The old OpenText Documentum Webtop versions (older than 6.8.2) were using Content Transfer Applet, and clients have been complaining about the Content Transfer Applet for many years due to issues supporting Java versions on client machines as well as the inherent security problems with Applets. While the Webtop 6.8.2 version and higher removes the Applet, users are still required to install a browser extension as well as a native exe installation that utilizes Java.
This technical blog describes the installation steps and troubleshooting guide for Documentum Webtop Native Client plugin 16.4.
It is the first Wednesday of November, a special day because today is our team lunch. Recently I have been working on a project to introduce an enterprise content management system to manage plant-specific documents. A multitude of installation, configuration and implementation tasks have to be done.
In this blog post I would like to express my personal experiences about Captiva from OpenText. It happens very often that neither users nor IT specialists know exactly what is behind this “software tool”.
I have also heard the sentence “It’s just scanning” more often and exactly for this reason, it is time to illuminate the mystery Captiva Capture. In simple words I try in this article to tell something about the software itself and about the daily tasks and problems. Maybe it is then comprehensible, why I find this area with the activities connected with it insanely exciting and that thereby more hides itself, than only scanning.
The use of public cloud platforms such as Amazon Web Services (AWS) for the implementation of OpenText Documentum-based ECM environments is often viewed critically. There is quite a list of points in favour of its use. In fact, it depends on the scope of the environment to be built, what data is processed there and how deeply AWS is to be integrated into the own network. This blog post should help to find answers to these questions and to show a first basic environment on the AWS platform.
OpenText Documentum is a full-fledged and mature server-based Document Management System which is accepted e.g. by the FDA and therefore widespread in pharmaceutical companies.
Compared with cloud computing technologies that are very strong in providing elastic (scalable) services OpenText Documentum products could be regarded as inflexible and monolithic / layered applications. Although they seem to be the exact opposite of the flexible Microservice architecture approach used for cloud native application design, there are ways to combine OpenText Documentum products with cloud computing technologies. read more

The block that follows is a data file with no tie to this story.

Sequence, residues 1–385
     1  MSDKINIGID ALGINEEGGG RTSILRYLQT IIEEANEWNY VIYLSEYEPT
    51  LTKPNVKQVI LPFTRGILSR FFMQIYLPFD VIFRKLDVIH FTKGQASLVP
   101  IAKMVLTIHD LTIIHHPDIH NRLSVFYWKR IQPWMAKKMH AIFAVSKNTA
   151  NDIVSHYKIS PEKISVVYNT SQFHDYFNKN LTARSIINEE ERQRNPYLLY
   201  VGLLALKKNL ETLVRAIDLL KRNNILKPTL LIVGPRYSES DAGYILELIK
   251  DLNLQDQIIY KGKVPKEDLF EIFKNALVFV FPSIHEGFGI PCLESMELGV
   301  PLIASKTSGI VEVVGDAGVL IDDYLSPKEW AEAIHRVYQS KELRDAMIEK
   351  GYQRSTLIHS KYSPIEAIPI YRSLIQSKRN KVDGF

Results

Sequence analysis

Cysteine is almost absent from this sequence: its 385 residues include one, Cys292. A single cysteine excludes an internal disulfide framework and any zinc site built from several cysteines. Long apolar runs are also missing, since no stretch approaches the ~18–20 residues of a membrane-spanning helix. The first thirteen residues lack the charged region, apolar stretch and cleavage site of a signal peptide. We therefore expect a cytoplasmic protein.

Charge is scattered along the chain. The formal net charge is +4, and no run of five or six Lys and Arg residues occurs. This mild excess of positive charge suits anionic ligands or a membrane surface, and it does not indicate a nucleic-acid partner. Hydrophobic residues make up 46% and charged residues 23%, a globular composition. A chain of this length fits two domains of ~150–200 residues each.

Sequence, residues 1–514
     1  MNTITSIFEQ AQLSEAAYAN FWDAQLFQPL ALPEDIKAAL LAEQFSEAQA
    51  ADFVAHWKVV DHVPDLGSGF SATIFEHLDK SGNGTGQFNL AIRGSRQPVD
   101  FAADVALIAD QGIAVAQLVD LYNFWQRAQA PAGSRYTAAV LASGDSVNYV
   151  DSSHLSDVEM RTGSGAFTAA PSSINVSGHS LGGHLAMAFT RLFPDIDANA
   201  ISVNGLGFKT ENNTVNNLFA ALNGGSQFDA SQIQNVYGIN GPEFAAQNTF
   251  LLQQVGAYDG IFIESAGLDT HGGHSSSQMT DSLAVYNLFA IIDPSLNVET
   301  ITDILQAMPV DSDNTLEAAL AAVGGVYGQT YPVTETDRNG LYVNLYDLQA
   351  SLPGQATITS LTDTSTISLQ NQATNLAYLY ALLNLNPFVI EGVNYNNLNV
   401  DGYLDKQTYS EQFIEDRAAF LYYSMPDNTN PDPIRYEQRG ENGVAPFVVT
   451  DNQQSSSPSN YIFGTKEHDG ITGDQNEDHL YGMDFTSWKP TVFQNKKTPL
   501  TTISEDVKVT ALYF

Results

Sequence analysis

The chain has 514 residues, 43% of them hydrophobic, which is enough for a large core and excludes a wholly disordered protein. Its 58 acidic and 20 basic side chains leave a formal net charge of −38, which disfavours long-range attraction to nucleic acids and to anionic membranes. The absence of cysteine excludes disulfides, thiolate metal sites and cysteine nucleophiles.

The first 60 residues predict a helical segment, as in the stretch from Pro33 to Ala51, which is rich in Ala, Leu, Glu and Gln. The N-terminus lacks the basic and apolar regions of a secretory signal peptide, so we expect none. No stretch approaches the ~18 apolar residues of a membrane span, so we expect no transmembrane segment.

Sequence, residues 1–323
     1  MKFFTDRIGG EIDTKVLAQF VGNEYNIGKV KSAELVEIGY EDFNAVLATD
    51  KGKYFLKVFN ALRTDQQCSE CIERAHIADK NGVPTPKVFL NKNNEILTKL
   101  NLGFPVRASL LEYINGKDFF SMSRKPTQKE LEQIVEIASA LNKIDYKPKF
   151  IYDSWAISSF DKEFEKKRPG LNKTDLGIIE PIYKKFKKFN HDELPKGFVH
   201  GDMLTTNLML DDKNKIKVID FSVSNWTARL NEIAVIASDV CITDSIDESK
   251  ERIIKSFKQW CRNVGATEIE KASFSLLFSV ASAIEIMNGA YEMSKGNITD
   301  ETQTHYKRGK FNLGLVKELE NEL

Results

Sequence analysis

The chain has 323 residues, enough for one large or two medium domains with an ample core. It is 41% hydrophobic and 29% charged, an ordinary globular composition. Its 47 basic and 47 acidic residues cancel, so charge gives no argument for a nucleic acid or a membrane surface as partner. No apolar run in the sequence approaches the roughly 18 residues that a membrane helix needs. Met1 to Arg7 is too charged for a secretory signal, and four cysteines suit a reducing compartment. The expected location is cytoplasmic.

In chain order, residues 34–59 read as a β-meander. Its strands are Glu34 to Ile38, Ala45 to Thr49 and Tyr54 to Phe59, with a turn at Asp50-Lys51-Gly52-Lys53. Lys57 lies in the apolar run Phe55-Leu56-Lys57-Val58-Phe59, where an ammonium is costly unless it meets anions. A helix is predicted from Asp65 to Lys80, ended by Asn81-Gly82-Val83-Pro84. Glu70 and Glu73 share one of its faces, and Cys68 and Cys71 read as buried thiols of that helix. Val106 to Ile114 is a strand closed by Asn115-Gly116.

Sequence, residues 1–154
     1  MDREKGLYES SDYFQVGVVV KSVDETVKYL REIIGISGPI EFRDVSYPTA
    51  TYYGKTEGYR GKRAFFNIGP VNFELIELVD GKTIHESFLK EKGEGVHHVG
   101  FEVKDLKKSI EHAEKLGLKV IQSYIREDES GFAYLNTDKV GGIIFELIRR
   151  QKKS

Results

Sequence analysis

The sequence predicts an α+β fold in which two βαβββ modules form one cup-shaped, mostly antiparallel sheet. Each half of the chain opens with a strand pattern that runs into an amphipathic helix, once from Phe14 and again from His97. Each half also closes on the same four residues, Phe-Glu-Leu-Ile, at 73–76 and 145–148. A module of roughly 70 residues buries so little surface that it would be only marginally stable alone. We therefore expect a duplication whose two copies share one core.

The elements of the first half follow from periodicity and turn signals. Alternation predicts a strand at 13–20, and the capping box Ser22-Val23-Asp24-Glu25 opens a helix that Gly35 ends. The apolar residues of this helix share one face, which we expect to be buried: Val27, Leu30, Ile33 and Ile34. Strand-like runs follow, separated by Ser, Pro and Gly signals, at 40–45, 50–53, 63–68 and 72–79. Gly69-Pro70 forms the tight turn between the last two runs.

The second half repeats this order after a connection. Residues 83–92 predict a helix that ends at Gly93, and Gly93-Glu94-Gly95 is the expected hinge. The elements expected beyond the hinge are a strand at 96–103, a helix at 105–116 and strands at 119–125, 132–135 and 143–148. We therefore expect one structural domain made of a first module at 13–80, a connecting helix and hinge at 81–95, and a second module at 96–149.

From 1997 to 2007 I was employed at Documentum in Munich and was responsible for the technical sales issues for Central & Eastern Europe, Middle East and South Africa. I witnessed the birth of the fme – Documentum partnership in 1998 at close quarters. With fme Documentum had found the ideal partner to realize projects in Germany. Since then I have always followed the development and international growth of fme. That’s why I’m all the more pleased I joined the fme in 2015 and am now responsible for content management and cloud business as a board member of fme AG.
At fme we are proud that this year marks the 20th anniversary of our partnership with Documentum, now part of OpenText. It is a success story with countless successful client projects, a world renowned product that has been certified for more than 10 years, extensive platform and industry-specific process know-how and a great team of highly specialized employees.
This blog article looks at OpenText’s Documentum REST API and provides insight into its technology, basic functionality and extensibility capabilities. Here I report from my own experiences and I am happy if I can help other “techies” like me a little with it 😉
What is the “Documentum Rest API”?
In principle, the term Documentum REST API refers to a web interface introduced with Documentum 7 that allows access to objects and functions of OpenText Documentum. This is based on Spring-Boot, is delivered as a WAR file and must be installed on an application server – e.g. Apache Tomcat. This interface can be used to write customized clients, apps, or plug-ins of other systems.